All they do is take standard PC components, wrap them in a shiny case, and make a package that could be bought much more cheaply from Dell, to sell to fanbois blinded by the reality distortion field of marketing promising a computer that can be used by the kind of idiots who believe it's easy to use, when in fact it isn't, because you end up with a closed system that can't be tweaked in any way, as it is remote-controlled personally by Steve Jobs himself in his Cupertino lair. Some will be fooled by this latest round of marketing fluff disguised as 42 pages of complex schematics and math but those of us who can see beyond the hype know that it's just another rip-off from Xerox. When will the deluded fruit-fanciers recant their delusions and realise that right-thinking computer users must use no other than the same PC that I endorse personally. You're all wrong and I'm right!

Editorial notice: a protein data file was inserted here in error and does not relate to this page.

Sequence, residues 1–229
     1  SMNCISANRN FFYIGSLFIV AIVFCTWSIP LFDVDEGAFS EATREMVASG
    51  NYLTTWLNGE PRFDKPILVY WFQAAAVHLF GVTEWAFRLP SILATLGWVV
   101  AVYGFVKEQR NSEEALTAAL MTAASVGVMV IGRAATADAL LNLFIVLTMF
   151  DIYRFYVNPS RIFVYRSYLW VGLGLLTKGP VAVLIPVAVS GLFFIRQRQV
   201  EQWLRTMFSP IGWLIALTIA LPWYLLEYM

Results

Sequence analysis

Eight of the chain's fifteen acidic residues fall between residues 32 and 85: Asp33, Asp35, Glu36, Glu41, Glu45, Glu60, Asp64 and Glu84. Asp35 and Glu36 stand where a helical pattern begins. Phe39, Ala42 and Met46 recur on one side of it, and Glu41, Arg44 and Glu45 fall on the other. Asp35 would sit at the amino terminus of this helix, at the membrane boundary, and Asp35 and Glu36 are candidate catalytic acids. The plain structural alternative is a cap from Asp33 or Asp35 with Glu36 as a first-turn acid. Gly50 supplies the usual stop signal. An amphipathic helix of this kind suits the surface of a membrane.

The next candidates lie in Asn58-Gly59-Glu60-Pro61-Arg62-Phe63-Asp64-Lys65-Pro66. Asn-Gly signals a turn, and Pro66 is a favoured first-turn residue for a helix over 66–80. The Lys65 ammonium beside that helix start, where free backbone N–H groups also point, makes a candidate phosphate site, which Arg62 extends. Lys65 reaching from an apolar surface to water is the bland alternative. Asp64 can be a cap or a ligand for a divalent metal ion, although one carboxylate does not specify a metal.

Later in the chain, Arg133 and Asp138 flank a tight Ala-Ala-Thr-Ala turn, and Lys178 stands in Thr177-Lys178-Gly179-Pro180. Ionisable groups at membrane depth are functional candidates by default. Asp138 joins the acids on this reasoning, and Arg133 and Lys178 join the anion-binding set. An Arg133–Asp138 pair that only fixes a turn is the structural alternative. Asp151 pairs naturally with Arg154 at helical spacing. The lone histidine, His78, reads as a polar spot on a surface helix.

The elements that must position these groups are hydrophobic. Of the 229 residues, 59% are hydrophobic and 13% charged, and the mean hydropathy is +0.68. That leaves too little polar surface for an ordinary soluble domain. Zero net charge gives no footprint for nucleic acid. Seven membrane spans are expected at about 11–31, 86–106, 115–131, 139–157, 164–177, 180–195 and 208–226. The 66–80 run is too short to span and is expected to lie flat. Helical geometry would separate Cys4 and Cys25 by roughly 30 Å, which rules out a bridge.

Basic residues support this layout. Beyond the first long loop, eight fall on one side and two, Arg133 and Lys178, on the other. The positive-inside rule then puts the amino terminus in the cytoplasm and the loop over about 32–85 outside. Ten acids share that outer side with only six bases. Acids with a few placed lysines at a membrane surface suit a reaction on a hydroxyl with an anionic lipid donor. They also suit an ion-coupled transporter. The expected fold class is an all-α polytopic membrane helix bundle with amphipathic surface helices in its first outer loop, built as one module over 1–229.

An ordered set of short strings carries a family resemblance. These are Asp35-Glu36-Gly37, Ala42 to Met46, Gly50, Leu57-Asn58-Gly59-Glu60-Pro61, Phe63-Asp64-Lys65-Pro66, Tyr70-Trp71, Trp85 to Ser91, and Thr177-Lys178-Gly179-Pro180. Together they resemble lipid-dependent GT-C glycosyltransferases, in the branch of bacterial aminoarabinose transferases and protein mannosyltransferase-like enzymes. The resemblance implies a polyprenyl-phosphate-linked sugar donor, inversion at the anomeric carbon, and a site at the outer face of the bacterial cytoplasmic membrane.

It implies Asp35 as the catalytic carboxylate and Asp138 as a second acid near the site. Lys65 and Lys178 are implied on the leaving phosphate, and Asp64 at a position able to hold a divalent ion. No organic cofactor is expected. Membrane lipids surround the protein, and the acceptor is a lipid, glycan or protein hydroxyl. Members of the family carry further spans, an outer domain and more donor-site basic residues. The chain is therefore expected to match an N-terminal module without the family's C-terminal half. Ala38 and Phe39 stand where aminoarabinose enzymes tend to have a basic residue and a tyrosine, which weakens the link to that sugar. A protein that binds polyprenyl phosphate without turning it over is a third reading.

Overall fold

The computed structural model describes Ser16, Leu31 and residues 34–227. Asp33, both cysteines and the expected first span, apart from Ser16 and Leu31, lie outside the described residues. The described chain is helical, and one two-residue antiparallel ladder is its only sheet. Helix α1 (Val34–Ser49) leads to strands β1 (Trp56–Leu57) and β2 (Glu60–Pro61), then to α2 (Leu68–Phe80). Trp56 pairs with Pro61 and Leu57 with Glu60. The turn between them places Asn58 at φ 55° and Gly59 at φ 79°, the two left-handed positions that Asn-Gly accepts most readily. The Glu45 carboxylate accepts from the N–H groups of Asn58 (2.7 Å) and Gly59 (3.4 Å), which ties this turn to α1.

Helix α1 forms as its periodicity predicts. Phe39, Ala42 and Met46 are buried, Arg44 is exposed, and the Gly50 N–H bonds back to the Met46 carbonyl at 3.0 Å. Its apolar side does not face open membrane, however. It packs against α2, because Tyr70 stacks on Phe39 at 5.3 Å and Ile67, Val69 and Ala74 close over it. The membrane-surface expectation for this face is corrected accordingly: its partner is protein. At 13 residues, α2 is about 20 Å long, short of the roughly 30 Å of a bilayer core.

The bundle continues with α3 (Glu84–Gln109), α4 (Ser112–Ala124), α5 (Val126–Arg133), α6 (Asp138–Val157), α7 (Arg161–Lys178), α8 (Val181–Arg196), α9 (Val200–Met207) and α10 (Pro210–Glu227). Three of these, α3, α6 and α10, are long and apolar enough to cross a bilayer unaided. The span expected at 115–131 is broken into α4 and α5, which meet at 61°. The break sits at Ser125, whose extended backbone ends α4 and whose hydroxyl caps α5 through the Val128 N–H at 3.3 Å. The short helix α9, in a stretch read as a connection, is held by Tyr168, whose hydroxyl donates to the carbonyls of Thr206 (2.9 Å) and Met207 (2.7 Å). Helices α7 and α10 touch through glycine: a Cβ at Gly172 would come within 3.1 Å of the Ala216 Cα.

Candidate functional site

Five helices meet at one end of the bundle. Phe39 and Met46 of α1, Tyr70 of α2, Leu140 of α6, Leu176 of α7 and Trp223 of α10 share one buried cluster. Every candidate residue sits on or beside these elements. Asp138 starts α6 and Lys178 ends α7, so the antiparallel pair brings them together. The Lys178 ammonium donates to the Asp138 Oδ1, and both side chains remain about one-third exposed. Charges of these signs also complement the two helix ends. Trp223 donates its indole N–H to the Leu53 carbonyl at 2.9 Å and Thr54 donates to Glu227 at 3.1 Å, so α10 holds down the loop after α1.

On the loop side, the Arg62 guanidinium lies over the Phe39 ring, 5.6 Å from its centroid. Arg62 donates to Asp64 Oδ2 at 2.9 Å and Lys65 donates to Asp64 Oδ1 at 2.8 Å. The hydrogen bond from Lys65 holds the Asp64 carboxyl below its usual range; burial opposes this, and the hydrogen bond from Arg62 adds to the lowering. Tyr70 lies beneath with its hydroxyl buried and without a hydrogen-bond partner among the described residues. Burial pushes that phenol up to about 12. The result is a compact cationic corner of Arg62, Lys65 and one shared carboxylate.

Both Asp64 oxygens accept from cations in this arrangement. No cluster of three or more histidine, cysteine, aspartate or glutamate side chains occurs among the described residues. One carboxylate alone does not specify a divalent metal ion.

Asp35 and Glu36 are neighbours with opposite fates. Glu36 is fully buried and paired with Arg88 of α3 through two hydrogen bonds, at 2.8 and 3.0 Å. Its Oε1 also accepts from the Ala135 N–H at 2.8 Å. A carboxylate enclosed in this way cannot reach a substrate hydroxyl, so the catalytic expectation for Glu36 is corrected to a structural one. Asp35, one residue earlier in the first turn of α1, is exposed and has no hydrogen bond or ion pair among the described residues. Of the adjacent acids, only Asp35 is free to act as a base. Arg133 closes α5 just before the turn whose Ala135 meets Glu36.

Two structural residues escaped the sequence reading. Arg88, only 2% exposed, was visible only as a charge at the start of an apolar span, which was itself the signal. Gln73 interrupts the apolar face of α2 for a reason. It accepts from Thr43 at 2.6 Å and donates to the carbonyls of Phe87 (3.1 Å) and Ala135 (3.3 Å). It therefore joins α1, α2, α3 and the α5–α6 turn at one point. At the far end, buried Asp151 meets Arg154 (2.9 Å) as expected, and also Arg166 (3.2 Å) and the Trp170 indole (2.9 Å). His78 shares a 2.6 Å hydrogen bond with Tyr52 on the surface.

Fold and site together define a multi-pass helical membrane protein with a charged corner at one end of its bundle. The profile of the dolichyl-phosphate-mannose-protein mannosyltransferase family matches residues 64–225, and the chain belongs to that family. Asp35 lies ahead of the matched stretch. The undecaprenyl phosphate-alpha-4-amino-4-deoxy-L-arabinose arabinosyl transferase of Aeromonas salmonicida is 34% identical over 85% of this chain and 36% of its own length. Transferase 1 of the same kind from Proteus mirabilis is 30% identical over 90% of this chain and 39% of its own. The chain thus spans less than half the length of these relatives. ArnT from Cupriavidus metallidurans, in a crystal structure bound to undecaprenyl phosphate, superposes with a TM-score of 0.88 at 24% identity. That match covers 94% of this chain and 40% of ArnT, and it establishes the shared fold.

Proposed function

Why does nobody listen to me? I'm lonely down in the basement, and I'd like a friend…
I hate the world.
I'll stick with my 2D TV
OK, it disappears completely when you look at it side on, and the cat was sliced in two when it tried to sleep on it, but at least it takes up no space whatsoever.
Weed's mine, not the speed
The enterprising chap is probably leveraging ample spare butt capacity to operate a courier service. Federal Asscrack? DHoLe? United Passholes? So long as he doesn't branch out into pizza delivery...
It should definitely be done
Maybe with Lottery money - do you feel lucky, Steampunk?